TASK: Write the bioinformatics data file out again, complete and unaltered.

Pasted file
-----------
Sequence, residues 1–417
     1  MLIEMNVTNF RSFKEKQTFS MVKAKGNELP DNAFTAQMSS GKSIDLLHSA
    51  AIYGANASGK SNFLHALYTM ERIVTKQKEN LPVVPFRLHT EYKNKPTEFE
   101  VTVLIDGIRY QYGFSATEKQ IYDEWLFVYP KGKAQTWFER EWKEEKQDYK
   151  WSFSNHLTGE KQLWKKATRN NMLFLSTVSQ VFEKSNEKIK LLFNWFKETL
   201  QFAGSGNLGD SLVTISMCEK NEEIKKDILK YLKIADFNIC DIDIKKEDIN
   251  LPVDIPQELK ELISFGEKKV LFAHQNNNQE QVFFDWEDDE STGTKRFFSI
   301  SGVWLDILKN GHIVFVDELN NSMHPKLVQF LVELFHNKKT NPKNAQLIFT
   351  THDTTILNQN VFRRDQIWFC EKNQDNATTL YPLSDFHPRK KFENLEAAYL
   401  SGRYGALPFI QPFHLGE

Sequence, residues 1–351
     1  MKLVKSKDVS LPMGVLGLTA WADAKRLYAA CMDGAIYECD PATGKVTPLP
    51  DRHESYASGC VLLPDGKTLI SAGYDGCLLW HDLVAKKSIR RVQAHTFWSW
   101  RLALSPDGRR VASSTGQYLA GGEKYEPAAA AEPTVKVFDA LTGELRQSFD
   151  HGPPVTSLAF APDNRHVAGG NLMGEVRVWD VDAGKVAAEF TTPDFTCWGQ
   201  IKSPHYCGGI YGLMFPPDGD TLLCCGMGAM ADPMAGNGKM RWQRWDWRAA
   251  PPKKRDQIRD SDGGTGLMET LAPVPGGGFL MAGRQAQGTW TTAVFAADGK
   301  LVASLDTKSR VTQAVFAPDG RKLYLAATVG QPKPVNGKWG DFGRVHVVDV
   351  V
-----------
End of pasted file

Sequence, residues 1–417
     1  MLIEMNVTNF RSFKEKQTFS MVKAKGNELP DNAFTAQMSS GKSIDLLHSA
    51  AIYGANASGK SNFLHALYTM ERIVTKQKEN LPVVPFRLHT EYKNKPTEFE
   101  VTVLIDGIRY QYGFSATEKQ IYDEWLFVYP KGKAQTWFER EWKEEKQDYK
   151  WSFSNHLTGE KQLWKKATRN NMLFLSTVSQ VFEKSNEKIK LLFNWFKETL
   201  QFAGSGNLGD SLVTISMCEK NEEIKKDILK YLKIADFNIC DIDIKKEDIN
   251  LPVDIPQELK ELISFGEKKV LFAHQNNNQE QVFFDWEDDE STGTKRFFSI
   301  SGVWLDILKN GHIVFVDELN NSMHPKLVQF LVELFHNKKT NPKNAQLIFT
   351  THDTTILNQN VFRRDQIWFC EKNQDNATTL YPLSDFHPRK KFENLEAAYL
   401  SGRYGALPFI QPFHLGE

Sequence, residues 1–351
     1  MKLVKSKDVS LPMGVLGLTA WADAKRLYAA CMDGAIYECD PATGKVTPLP
    51  DRHESYASGC VLLPDGKTLI SAGYDGCLLW HDLVAKKSIR RVQAHTFWSW
   101  RLALSPDGRR VASSTGQYLA GGEKYEPAAA AEPTVKVFDA LTGELRQSFD
   151  HGPPVTSLAF APDNRHVAGG NLMGEVRVWD VDAGKVAAEF TTPDFTCWGQ
   201  IKSPHYCGGI YGLMFPPDGD TLLCCGMGAM ADPMAGNGKM RWQRWDWRAA
   251  PPKKRDQIRD SDGGTGLMET LAPVPGGGFL MAGRQAQGTW TTAVFAADGK
   301  LVASLDTKSR VTQAVFAPDG RKLYLAATVG QPKPVNGKWG DFGRVHVVDV
   351  V